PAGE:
This is Issue #103 of DeathWatch, an ongoing Serial. Click that link to go find ‘A Beginning’ and read from there, if you need to catch up.
* * *
The voice was familiar, but Jet didn’t want to hear it, didn’t want to listen. In the forefront of his mind was his rage, his misery. He had already lost everything, and then rebuilt. He would have to lose it all again — and why? For no reason he could discern. For Fate, perhaps. Because that is what was foretold. He stared at Secta, and the young man trembled in his grasp, tears in his eyes for how he was held up by a fistful of hair.
Slowly, Jet lowered Secta back to the floor, his heart still thundering in his ears. He released Secta, and the poor man dropped to his knees, disoriented. Jet turned and looked over his shoulder, and felt his heart stutter.
Immanis stood there, tall and proud, dark eyes watching. He looked at Jet almost impassively, though his gaze, as it lingered, grew less and less devoid of feeling, and more and more full of the fire Jet felt within himself.
Jet met his gaze, and said nothing, for a moment. He stepped away from Secta and looked down at him, knowing his heart should hurt to see the young man rattled, stunned into silence by fear. Instead, he felt nothing, and in that he wondered what so many others had found themselves wondering — just how much had he changed? “Leave me,” he commanded, sending Secta on his way, baring his teeth with the words. He looked to Immanis, and took no more note of Secta’s departure than he would of a fly buzzing away. The gulf between him and the Prince seemed immeasurable; he stared across the void and waited. “What is it–?” he finally asked, biting off the question before he could say ‘brother’ or worse, ‘my Immanis’, for he knew no one could be his for long.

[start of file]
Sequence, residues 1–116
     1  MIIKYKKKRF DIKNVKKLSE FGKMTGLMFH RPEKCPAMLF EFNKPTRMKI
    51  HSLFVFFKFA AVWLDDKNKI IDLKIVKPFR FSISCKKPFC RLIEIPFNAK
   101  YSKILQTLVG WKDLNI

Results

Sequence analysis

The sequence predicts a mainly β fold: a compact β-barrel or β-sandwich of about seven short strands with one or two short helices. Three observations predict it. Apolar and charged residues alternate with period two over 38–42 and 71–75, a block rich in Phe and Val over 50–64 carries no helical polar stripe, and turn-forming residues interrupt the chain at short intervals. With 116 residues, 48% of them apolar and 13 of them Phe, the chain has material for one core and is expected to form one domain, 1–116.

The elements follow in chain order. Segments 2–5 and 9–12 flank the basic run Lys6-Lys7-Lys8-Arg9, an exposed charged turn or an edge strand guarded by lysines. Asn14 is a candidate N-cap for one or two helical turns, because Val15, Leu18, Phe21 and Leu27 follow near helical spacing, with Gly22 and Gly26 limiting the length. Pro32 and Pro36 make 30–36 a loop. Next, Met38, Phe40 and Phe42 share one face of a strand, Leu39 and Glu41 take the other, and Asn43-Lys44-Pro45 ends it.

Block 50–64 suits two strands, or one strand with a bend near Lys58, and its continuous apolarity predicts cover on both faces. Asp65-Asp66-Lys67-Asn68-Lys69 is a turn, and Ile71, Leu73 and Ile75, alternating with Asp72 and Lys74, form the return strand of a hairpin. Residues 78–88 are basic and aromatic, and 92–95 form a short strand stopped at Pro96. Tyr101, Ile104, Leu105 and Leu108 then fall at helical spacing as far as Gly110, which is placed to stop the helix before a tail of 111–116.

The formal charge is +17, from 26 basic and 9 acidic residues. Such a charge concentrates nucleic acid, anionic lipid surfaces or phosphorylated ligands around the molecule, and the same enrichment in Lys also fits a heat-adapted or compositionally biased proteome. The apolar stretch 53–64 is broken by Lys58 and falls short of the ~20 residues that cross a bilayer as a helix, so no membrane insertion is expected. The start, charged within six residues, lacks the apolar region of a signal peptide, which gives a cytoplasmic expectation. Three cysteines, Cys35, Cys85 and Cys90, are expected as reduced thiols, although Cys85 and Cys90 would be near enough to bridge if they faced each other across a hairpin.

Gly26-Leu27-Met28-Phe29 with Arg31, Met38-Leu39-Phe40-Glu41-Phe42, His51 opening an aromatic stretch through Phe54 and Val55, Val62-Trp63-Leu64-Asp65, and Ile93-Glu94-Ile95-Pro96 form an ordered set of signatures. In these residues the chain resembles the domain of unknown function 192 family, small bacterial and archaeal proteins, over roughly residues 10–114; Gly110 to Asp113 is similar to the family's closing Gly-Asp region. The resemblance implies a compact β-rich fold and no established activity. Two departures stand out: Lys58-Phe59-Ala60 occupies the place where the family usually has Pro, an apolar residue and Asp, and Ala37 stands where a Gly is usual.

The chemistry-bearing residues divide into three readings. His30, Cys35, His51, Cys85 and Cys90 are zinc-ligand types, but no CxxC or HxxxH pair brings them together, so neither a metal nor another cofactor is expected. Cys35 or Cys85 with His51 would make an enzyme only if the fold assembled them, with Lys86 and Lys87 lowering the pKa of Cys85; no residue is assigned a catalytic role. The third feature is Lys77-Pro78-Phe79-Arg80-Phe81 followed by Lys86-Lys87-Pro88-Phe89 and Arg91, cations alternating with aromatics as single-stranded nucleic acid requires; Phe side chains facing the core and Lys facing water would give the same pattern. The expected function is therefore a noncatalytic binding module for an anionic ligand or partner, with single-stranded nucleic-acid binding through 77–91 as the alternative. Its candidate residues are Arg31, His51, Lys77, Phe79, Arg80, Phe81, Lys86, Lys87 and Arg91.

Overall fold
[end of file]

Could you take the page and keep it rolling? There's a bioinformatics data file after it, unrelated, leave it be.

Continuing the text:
“Your self pity is unbecoming,” Immanis said abruptly. “If you cannot control yourself, at least shut yourself away until your temper tantrum is over.”
The shock on Jet’s face lingered for longer than he would’ve liked; he stood taller, closed his mouth, and gave the briefest of nods. “Is there anything else you wish to tell me?” he asked, refusing to acknowledge the heat that touched his cheeks, the shame that he felt crawling up the back of his throat as though it could choke him.
“Make your peace with your famulo. It would be difficult to find another to fill the position so faithfully,” Immanis declared.
“Your concern is duly noted.” Jet all but growled the words; the hand holding his glass knife curled into a tighter fist. “Anything else?”
Immanis’s dark eyes grew brighter, but Jet could not tell the emotion contained within. “The wedding will take place in one week.”
Jet felt his heart tighten, his body grow tense. “One week,” he repeated, nodding. “Does she know?”
“Is she ready?” Jet asked, his voice softer.
“Are you?” Immanis countered.
“I will do as you command,” Jet said softly. “I will do what Ilona needs. I will live and die at your hand, Majesty,” he said, his spine stiffening. He stood tall, straight, his expression blank, his eyes cold and dark as unlit coals. He stared off into some middle distance, without meeting Immanis’s eyes. He would keep his word. He had been abandoned before, and he would be abandoned again, but he would keep his word.